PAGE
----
Tampa lawyer Brian Willis has made it official: He’s running for the Democratic nomination for Hillsborough County commissioner in the countywide District 6 seat that term-limited Kevin Beckner leaves in 2016.
“I have always been dedicated to making Hillsborough a better place to live, ” Willis said in a prepared statement released early Monday afternoon. “Turning talk into action on transportation will be a key part of my campaign, but transportation is just one piece of the puzzle. I want new ideas and action on vital issues like supporting the first responders that keep our community safe, and keeping Hillsborough special by protecting our diverse neighborhoods, rural lands, and beautiful waterways.”
Willis, 31, has been a community-minded activist for years, most prominent in arguing for transit options like light-rail in Hillsborough County. Along with a few other friends, Willis was a co-founder of Connect Tampa Bay, the fuse that ignited Hillsborough County officials (led by Mark Sharpe) to again enter the public conversation about transit options, years after the Moving Hillsborough Forward transit tax was defeated in 2010.
“It’s going to be fun,” Willis told Florida Politics in a brief interview Monday afternoon.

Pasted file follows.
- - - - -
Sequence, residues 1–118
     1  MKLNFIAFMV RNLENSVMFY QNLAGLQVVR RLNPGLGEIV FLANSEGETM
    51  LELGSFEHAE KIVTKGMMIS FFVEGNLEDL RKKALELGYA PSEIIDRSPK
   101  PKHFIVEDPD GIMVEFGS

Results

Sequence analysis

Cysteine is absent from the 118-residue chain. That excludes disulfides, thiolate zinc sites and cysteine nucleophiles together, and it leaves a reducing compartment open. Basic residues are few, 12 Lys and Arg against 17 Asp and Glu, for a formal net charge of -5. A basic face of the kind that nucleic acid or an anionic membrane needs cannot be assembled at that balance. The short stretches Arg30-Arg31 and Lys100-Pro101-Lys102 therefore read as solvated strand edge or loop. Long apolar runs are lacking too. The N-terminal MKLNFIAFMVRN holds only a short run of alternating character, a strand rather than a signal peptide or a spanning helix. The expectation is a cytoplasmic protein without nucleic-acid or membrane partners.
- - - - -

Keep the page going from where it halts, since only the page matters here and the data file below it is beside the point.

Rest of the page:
Willis is the first official candidate to enter the District 6 race, but there will be plenty more to follow.
Pat Kemp, who narrowly lost the countywide District 7 race to Al Higginbotham this past fall, has said she’s running for the Democratic nod for the District 6 race, but has yet to file and was unavailable for comment Monday. National Democratic committeeman Alan Clendenin has also said that he’s seriously considering running in District 6.
Among the names being floated on the Republican side include former County Commissioners Jim Norman and Ronda Storms. Norman is reportedly all but officially in the race.
“It’s a huge county and that’s why you get in early,” said Willis, an attorney with the downtown Tampa law firm of Shumaker Loop & Kendrick, where he represents clients in real estate and business issues. He said that like most people, he’s a working stiff. He’ll be meeting and greeting folks during the coming next year after working hours in the evening and on weekends. “It’s going to be putting miles in the car, shaking hands and being everywhere I possibly can,” he said.
The Carrollwood native has begun his campaign in grand style, with a new website, and this freshly produced 2 1/2-minute video: